Focused Review ARTICLE
Front. Neurosci., 01 May 2009 | https://doi.org/10.3389/neuro.01.005.2009
Double trouble? Potential for hyperexcitability following both channelopathic up- and downregulation of Ih in epilepsy
Harvard Medical School, Boston, MA, USA
Neurology, Massachusetts General Hospital, Boston, MA, USA
Anatomy and Neurobiology, University of California – Irvine, Irvine, CA, USA
Studies of pathological ion channel regulation as an underlying mechanism of epilepsy have revealed alterations in the h-current in several animal models. While earlier reports indicate that downregulation of the h-current is pro-excitatory on the single neuron level, we found an upregulation of Ih in hyperexcitable CA1 pyramidal neuron dendrites following experimental febrile seizures. In addition, in several CA1 pyramidal neuron computational models of different complexity, h-current upregulation has been shown to lead to pro-excitable effects. This focused review examines the complex impact of altered h-current on neuronal resting membrane potential (RMP) and input resistance (Rin), as well as reported interactions with other ionic conductances.
The study of channelopathies, pathological changes in the expression and function of ion channels, has gained momentum in recent years in epilepsy research – several idiopathic epilepsies (inherited) have been linked to underlying mutations in channel encoding genes (for reviews see, Catterall et al., 2008 ; Hirose et al., 2005 ; Lerche et al., 2005 ; Mulley et al., 2003 ). For the study of the inherited, genetically determined pathologies, a number of experimental models reproducing human mutations and symptoms have been generated (for review see, Avanzini et al., 2007 ). Similarly, the study of symptomatic epilepsy (developed after a brain insult) in animal models has identified several acquired channelopathies – so named because the channelopathies develop in response to the brain insult or subsequent status epilepticus (for review see, Pitkanen and Lukasiuk, 2009 ). The channel types affected by the acquired channelopathies include GABAA - receptor-channels (Brooks-Kayal et al., 1998 ; Sanchez et al., 2005 ), voltage-dependent Na+ channels (Ellerkmann et al., 2003 ; Howard et al., 2007 ), Ca2+ channels (Becker et al., 2008 ; Su et al., 2002 ), and K+ channels (Bernard et al., 2004 ; Howard et al., 2007 ; Shin et al., 2008 ; Shruti et al., 2008 ). However, the most frequently acquired channelopathy concerns the mixed cation h-current in a number of different epilepsy models: perinatal seizure-inducing hypoxia (Zhang et al., 2006 ), the kainate model of temporal lobe epilepsy (Shah et al., 2004 ), the pilocarpine model of temporal lobe epilepsy (Jung et al., 2007 ; Marcelin et al., 2009 ; Shin et al., 2008 ), the fluid percussion injury (FPI) model of post-traumatic epilepsy (Howard et al., 2007 ), and prolonged experimental febrile seizures (Chen et al., 2001a ; Dyhrfjeld-Johnsen et al., 2008 ).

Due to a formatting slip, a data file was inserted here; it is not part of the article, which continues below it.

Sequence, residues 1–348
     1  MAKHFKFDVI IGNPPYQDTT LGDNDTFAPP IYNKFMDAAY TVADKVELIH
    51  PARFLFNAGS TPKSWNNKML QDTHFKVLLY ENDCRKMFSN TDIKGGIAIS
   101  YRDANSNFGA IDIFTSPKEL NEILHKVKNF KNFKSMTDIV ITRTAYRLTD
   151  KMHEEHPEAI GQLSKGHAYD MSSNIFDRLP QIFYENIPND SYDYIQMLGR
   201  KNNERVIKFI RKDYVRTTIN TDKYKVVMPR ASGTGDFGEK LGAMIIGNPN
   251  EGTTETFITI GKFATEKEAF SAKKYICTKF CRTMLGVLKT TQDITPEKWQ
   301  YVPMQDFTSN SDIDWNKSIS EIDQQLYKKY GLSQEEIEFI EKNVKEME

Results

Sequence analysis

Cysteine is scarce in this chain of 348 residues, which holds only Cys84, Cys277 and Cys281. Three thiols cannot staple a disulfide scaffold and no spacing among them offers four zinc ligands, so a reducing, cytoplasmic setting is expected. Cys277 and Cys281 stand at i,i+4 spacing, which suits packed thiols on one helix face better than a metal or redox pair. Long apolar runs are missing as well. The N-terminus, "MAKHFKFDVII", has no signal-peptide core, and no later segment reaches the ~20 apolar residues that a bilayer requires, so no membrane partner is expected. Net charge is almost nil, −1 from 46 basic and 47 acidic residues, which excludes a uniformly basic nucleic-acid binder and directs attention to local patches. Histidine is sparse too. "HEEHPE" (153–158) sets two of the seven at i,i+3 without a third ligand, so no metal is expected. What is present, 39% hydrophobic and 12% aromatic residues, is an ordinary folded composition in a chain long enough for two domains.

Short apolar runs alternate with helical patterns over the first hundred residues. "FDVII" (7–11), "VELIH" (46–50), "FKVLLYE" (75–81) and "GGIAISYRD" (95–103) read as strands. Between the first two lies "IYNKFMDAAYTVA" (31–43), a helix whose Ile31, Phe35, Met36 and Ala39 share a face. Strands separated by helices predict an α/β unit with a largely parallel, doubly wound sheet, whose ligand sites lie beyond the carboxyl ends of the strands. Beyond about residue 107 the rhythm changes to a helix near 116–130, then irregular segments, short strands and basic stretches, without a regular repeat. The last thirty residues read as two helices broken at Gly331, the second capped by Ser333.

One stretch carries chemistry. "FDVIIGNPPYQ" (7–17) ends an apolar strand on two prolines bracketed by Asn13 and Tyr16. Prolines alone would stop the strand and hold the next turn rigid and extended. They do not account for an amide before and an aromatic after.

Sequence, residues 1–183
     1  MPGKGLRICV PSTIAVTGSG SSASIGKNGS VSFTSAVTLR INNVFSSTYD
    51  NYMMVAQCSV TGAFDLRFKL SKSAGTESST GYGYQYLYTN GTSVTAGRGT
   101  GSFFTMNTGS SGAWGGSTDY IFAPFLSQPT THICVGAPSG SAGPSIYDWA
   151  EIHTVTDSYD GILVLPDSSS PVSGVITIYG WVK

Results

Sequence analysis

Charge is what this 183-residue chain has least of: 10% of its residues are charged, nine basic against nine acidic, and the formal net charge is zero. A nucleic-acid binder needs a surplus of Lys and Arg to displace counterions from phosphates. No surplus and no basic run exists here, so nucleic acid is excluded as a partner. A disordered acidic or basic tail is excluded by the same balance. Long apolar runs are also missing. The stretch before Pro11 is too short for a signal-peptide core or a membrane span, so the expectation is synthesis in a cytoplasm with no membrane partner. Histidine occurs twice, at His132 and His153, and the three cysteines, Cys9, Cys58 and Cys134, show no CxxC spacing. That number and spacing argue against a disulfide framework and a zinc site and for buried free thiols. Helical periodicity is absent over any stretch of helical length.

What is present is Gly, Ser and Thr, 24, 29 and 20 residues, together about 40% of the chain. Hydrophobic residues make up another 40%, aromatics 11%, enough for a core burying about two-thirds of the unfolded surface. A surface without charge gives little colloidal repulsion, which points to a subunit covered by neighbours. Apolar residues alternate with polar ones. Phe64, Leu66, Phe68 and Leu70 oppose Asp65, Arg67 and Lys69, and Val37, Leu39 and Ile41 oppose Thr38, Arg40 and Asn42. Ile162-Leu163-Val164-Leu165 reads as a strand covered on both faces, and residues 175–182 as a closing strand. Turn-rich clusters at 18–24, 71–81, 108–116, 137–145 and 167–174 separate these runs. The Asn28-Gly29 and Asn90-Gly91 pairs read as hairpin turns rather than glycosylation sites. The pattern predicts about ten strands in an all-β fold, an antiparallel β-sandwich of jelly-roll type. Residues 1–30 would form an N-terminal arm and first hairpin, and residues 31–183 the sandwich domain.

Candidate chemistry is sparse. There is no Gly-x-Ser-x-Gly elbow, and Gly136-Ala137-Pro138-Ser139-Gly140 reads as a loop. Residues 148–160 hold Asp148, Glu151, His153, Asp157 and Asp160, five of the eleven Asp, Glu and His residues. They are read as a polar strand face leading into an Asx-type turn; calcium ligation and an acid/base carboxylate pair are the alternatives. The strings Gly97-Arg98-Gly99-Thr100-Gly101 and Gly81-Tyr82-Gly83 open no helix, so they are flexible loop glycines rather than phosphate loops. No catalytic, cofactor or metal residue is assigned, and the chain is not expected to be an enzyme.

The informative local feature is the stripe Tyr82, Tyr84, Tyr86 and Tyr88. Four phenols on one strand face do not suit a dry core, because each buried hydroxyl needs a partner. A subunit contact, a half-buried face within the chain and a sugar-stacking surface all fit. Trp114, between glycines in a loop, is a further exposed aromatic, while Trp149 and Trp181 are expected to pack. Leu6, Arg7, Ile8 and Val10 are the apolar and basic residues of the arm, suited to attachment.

In most experimental paradigms for investigation of the acquired h-channelopathies, a seizure-induced reduction in Ih was reported (Jung et al., 2007 ; Marcelin et al., 2009 ; Shah et al., 2004 ; Shin et al., 2008 ; Zhang et al., 2006 ). The downregulated h-current was linked to hyperexcitability and seizures through the resulting increase in neuronal input resistance. However, our recent paper on dendritic h-channelopathy in the experimental febrile seizure model reported a ∼70% increase in the h-current density along with depolarized half-activation potential (V1/2) and slower kinetics in hyperexcitable CA1 pyramidal neuron dendrites (Figure 1 ). The depolarized V1/2, along with the overall increase in h-current density, means that smaller stimuli are required to strongly activate Ih from the resting membrane potential (RMP) in CA1 pyramidal neurons following febrile seizures.
Figure 1. Febrile seizures alter Ih in CA1 pyramidal neurons. (A) Schematic of the cell-attached, dendritic recordings of Ih from CA1 pyramidal cells from control animals and from animals that were exposed to hyperthermia-induced, experimental prolonged febrile (fever-induced) seizures. The dendritic patch was held in voltage-clamp mode, a voltage command was applied, and the resulting currents were recorded. The activation and de-activation kinetics, along with the maximal currents, were derived from the recordings as indicated. (B) Analysis of current recordings showed that febrile seizures result in altered properties of Ih in the dendrites of CA1 pyramidal neurons: a depolarized half-activation potential, slower time-constants of activation and de-activation, and ∼70% increased current density (Dyhrfjeld-Johnsen et al., 2008 ). (C) Whole-cell dendritic current injection experiments in the current-clamp mode showed that CA1 pyramidal dendrites are hyperexcitable following febrile seizures. However (as illustrated by the arrow with the question mark), this raised the question of how the changes in Ih parameters relate to the observed increases in excitability.
This focused review concentrates on recent data on mechanisms of h-current regulation and re-examines the long-standing dichotomy (Poolos, 2004 ) of potential for both channelopathic upregulation and downregulation of Ih resulting in hyperexcitability.
In the studies of acquired h-current channelopathies mentioned above, alterations of maximal current levels as well as altered activation properties and kinetics have been reported. Below, we summarize a number of processes that are known to affect hyperpolarization-activated cation (HCN) channel properties, expression levels, and trafficking with an emphasis on activity-dependent mechanisms.